England Religion

    

The religions of a country define, to a large extent, the culture thereof. They tell a story of its past and give a certain degree of information about its current society.

In England, Christianity remains the most practiced religion today, despite its ancient history of paganism. Paganism refers to religious traditions that are characterised by the belief in multiple gods rather than one main God and Creator. These religions include Celtic polytheism, Norse paganism, Roman polytheism, and so on. They were introduced by the Anglo-Saxons, who had their origins in ancient Germanic tribes. Wicca, however, was one of the pagan religions that had its roots in England and soon spread all over the world. Wicca refers to a religion of witchcraft and its adherents are called Wiccans or witches. This religion is put into the Neopaganism category.

The main religions that can be identified in England today are:

1. Christianity
Within Christianity are various individual denominations, to which the vast majority of declared Christians in England align themselves. These include, but are not limited to:

• Anglicanism
• Roman Catholicism
• Methodism
• Pentecostal
• Eastern Orthodox Churches (such as Russian Orthodox and Greek Orthodox)
• Oriental Orthodoxy

Christianity was introduced to England when the Romans arrived and its history dates back to about the 200’s and 300’s of our Common Era (CE). When the Romans retreated from England, they left behind them a Christian culture, which was revived somewhat when missionaries arrived in the country from Scotland and Europe. In 664, the English Church aligned itself completely with Roman Catholicism. Over the next few centuries, exquisite churches and cathedrals were constructed, some of which still stand today as a reminder of the ancient roots of England.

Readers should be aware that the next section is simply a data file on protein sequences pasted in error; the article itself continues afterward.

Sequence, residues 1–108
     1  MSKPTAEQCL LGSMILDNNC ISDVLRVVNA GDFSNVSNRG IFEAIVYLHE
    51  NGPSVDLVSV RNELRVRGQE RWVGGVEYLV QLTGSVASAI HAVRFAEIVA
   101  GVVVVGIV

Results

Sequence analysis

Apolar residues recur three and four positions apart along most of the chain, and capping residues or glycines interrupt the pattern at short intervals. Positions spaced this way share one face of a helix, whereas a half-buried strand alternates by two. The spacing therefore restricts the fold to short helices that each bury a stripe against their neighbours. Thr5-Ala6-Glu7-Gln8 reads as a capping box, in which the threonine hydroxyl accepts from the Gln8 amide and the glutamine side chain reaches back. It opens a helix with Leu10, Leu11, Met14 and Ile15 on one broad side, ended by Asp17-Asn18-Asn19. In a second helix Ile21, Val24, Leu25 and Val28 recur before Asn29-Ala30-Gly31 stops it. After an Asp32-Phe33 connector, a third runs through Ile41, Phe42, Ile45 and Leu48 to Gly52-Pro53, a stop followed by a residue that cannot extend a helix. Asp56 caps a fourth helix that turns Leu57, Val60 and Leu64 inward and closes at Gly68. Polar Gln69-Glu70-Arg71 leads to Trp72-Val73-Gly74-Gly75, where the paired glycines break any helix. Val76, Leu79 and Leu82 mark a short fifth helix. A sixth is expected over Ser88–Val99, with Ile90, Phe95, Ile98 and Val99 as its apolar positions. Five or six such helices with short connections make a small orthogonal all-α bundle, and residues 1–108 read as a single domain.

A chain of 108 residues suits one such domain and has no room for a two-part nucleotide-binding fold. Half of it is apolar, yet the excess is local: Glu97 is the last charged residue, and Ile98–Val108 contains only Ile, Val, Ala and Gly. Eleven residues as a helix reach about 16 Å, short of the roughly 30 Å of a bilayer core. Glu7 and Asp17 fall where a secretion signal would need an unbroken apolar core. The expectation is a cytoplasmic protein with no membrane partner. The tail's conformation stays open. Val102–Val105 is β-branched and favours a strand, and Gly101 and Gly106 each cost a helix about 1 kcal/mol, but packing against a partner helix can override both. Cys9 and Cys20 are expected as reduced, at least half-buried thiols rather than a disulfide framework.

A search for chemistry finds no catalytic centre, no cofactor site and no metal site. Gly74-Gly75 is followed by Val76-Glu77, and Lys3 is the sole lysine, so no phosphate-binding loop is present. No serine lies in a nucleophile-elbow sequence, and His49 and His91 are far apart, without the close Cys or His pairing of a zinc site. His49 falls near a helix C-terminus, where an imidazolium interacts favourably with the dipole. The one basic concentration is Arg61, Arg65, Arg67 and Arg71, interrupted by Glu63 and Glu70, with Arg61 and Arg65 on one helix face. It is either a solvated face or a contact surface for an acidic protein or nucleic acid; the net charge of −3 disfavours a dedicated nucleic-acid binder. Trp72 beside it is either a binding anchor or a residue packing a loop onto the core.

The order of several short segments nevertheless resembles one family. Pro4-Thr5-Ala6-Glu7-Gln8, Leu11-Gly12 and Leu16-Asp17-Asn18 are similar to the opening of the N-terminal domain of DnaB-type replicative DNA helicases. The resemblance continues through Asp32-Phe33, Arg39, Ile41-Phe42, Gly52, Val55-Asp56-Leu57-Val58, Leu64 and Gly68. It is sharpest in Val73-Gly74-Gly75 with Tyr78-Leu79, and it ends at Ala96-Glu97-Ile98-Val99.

2. Islam
The religion of the Muslims, Islam has a huge base of adherents all over the world. This is an ancient religion and has had some degree of presence in England for hundreds of years. In fact, it was back in 1386 that Muslim scholarship became known amongst the English educated. Today, Islam is second only to Christianity in the number of followers it has in England.

3. Judaism
Judaism first made its appearance in England in about 1066 CE but was officially banned between 1290 and 1656. Today, it is well represented and actually boasts one of the largest proportions of followers in the world.

 

Image of the Shri Swaminarayan Mandir, Hindu temple in the North west of London
Shri Swaminarayan Mandir, Hindu temple in the North west of London

4. Hinduism
Hindus originate from India, dubbed the Subcontinent. Since this country gained its independence in 1947, there have been waves of Hindu migrations into England. The main waves occurred in 1947, 1970 and from 1990 until our present day. Hinduism is characterised by a loving, accepting approach to life, which has attracted many non-Indian folk to convert to this faith.

5. Sikhism
In search of jobs, Sikhs migrated from India to England during the 1950’s. Most of them settled in London and have maintained this central base.

6. Buddhism
This religion originated in South East Asia, but became increasingly popular in England during the 1950’s.

7. The Bahá'í Faith
This religion started in 1845 and has grown considerably over the past years.

England is also home to a large proportion of agnostics and atheists, who either care little for the concept of religion or believe strongly in the absence of a God or gods.


Because religion has been such a major part of the English heritage, the structures it left behind remain important icons for the locals and tourists alike. Some famous churches or places of worship include:

• Baitul Futuh Mosque (Islamic)
• Bevis Marks Synagogue (Jewish)
• Brompton Oratory (Roman Catholic)
• Canterbury Cathedral (Church of England)
• Gurdwara Sri Guru Singh Sabha (Sikh)
• Metropolitan Tabernacle (Baptist)
• Neasden Temple (Hindu)
• St Paul's Cathedral (Church of England)
• Westminster Abbey (Church of England)
• Westminster Cathedral (Roman Catholic)
• Westminster Central Hall (Methodist)